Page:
It's no secret that Apple (NASDAQ: AAPL) has hired many display technology experts over the last several years. In fact, a cursory glance at Apple's job boards shows that the company routinely hires display experts with expertise in working on the actual display panels as well as the chips required to drive those displays.
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Today, though, Apple still relies on third parties to manufacture those displays and almost certainly depends on those third parties' expertise -- as well as its own technology development and ingenuity -- to get those displays built.
Image source: Apple.
It seems that, going forward, Apple would benefit greatly from bringing more of the display technology development and, indeed, manufacturing in-house. Here's why.
Display tech as a point ofdifferentiation
Apple's closest rival, Samsung (NASDAQOTH: SSNLF), has been fielding smartphones with curved OLED displays for quite some time. The company's most recent flagship phone, the Galaxy S8, includes a full-face, curved OLED display. This display does a lot for the aesthetic of the device, and I wouldn't be surprised if it were the chief reason that Samsung reported much higher S8 pre-orders compared to its prior-generation S7 devices.
It's clear that display technology is a differentiator that can have a serious impact on the aesthetics of a device, and appealing aesthetics can translate into greater sales, pricing power, and market share.
Apple at Samsung's mercy
Later this year, Apple is expected to utilize a full-face OLED display on a premium version of its iPhone (commonly referred to as the iPhone 8), so it won't be too far behind the curve (no pun intended).
The problem, though, is that if Apple is dependent on third parties (especially direct competitors in the smartphone market) for significant display technology support as well as for manufacturing services, it'll have a tough time leading displaycentric smartphone paradigm shifts. It will always appear to consumers that Apple is a fast follower.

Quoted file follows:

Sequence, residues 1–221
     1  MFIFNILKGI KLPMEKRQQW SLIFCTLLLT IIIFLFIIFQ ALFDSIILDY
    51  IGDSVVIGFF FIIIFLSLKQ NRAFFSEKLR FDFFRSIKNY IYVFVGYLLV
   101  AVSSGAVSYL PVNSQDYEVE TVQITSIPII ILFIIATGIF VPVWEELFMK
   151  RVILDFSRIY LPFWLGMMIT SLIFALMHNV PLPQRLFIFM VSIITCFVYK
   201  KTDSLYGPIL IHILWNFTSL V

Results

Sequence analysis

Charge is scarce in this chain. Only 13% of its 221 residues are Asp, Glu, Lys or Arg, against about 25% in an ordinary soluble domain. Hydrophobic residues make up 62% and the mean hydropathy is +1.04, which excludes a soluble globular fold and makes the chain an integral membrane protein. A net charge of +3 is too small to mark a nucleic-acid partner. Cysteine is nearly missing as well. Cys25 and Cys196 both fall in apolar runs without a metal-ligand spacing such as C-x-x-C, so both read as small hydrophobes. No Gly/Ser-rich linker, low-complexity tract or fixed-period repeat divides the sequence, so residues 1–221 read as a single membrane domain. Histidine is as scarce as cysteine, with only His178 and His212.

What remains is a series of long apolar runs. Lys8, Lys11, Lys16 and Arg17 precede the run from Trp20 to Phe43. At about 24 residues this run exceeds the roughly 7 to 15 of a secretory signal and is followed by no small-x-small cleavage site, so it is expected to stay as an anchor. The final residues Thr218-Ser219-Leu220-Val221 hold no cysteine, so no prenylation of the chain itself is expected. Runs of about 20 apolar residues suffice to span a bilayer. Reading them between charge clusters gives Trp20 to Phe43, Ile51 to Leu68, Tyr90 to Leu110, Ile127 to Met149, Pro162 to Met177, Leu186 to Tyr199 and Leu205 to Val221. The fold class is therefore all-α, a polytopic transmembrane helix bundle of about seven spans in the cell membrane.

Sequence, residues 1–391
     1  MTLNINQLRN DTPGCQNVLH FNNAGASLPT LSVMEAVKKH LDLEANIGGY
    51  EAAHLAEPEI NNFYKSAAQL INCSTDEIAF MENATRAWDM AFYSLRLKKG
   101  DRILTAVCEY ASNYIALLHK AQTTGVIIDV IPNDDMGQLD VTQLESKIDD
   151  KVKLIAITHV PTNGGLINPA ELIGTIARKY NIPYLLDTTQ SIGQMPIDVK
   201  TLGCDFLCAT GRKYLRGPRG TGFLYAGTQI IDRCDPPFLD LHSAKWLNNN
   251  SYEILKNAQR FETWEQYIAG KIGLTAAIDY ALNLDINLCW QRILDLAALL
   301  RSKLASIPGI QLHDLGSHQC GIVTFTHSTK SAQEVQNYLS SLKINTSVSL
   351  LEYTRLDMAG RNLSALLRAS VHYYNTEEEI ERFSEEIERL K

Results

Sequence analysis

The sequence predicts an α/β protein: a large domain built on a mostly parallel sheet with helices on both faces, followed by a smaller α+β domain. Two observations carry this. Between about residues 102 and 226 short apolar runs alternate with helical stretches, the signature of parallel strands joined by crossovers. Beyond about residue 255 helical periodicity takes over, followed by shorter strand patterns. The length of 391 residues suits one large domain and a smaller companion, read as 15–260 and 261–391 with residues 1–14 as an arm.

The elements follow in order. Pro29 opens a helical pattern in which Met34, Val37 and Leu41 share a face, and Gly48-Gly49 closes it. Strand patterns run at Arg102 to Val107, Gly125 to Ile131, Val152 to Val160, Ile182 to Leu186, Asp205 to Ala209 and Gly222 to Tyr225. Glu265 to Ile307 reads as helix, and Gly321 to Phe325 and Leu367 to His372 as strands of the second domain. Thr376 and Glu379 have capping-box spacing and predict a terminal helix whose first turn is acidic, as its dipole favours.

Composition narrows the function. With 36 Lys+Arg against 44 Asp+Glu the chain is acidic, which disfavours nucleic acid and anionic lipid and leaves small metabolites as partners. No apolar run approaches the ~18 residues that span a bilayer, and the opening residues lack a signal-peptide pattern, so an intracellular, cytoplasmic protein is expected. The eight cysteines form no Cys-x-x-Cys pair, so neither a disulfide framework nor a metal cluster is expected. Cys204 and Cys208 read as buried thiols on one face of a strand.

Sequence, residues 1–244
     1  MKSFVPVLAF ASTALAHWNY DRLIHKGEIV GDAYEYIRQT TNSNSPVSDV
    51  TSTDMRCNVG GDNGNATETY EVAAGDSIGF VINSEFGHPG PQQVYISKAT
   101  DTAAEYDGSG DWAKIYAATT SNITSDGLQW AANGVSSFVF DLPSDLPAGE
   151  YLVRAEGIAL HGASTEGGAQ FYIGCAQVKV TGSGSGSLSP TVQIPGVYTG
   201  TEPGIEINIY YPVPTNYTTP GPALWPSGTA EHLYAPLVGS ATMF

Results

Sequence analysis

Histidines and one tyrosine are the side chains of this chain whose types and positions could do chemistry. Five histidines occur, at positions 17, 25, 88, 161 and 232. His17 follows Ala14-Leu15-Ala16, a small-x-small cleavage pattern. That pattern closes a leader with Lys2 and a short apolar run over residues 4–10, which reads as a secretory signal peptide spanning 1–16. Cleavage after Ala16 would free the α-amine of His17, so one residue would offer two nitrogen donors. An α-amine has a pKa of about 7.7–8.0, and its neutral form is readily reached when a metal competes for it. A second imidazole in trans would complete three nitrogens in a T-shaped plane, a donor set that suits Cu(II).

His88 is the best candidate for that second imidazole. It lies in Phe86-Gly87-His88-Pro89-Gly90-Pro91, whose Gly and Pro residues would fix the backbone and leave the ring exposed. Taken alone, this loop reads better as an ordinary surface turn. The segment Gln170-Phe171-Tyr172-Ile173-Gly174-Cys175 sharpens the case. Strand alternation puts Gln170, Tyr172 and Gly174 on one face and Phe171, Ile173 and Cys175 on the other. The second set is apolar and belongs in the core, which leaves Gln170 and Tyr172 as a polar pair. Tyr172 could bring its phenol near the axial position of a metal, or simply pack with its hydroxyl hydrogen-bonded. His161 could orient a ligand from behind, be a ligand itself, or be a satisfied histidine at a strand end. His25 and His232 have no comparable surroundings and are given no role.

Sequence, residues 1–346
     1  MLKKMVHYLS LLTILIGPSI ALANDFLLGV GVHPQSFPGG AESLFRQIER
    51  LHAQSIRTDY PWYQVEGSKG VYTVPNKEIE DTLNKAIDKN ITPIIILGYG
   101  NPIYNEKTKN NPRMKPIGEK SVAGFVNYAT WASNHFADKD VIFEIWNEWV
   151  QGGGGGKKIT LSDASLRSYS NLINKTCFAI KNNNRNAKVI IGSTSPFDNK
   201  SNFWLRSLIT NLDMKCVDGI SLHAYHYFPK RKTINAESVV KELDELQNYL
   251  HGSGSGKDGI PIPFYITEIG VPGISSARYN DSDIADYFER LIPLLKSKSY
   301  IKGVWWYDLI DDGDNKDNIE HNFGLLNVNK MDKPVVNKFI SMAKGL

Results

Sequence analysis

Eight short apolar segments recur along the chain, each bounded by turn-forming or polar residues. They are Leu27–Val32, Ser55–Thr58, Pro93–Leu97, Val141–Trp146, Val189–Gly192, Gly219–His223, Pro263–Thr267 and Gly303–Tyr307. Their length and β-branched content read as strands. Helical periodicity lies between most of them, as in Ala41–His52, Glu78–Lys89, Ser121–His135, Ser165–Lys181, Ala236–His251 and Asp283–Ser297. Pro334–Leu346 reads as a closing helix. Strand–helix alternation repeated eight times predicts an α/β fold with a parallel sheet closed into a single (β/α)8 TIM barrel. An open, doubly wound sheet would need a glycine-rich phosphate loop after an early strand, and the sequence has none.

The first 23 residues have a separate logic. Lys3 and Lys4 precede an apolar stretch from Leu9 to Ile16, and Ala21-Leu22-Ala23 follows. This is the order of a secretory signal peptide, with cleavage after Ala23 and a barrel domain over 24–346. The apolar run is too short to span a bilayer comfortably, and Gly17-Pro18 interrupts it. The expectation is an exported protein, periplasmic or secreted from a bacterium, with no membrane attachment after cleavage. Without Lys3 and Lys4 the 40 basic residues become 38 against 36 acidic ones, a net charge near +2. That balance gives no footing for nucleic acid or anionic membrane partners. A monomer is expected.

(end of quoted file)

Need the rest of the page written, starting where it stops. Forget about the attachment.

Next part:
Now, if Apple can be a relatively fast follower and differentiate in other areas that matter to customers (particularly things that matter to customers in making purchase decisions), then that's not the worst strategy in the world.
However, given Apple's significant technical prowess and its desire to continue to have a commanding lead in the premium smartphone market, a merely "OK" strategy with respect to a key component of the iPhone (and thus user experience) is distinctly un-Apple.
So, about LuxVue...
Back in the first half of 2014, Apple acquired a company called LuxVue. LuxVue was working on a display technology dubbed micro-LEDs, which promises efficiency and brightness advantages over traditional LCDs (used in the iPhone 7/7 Plus) as well as OLEDs (planned for use in the iPhone 8 and currently used in the Apple Watch).
Rumors point to Apple planning to implement micro-LED-based displays on its third-generation Apple Watch.
I don't know if Apple ultimately plans to deploy micro-LEDs in future iPhone models, but what's interesting about its reported micro-LED plans is that the technology will have seemingly been developed almost entirely in-house by Apple rather than by (or in conjunction with) third-party display technology companies.
If Apple can completely own the technology and possibly the manufacturing for future iPhones and iPads, then this would allow it to innovate at its own pace -- one that's potentially quicker than the rest of the industry -- rather than be forced to be a fast follower to Samsung and potentially others.
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